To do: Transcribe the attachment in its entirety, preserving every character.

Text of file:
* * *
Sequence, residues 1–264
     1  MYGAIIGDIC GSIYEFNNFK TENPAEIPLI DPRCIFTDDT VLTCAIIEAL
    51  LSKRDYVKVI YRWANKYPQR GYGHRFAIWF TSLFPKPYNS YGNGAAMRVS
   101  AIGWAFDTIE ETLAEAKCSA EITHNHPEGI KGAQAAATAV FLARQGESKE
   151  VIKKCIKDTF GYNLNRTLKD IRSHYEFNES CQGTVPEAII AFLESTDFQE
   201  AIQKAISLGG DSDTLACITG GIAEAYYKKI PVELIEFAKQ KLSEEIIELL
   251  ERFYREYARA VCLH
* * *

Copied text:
Sequence, residues 1–264
     1  MYGAIIGDIC GSIYEFNNFK TENPAEIPLI DPRCIFTDDT VLTCAIIEAL
    51  LSKRDYVKVI YRWANKYPQR GYGHRFAIWF TSLFPKPYNS YGNGAAMRVS
   101  AIGWAFDTIE ETLAEAKCSA EITHNHPEGI KGAQAAATAV FLARQGESKE
   151  VIKKCIKDTF GYNLNRTLKD IRSHYEFNES CQGTVPEAII AFLESTDFQE
   201  AIQKAISLGG DSDTLACITG GIAEAYYKKI PVELIEFAKQ KLSEEIIELL
   251  ERFYREYARA VCLH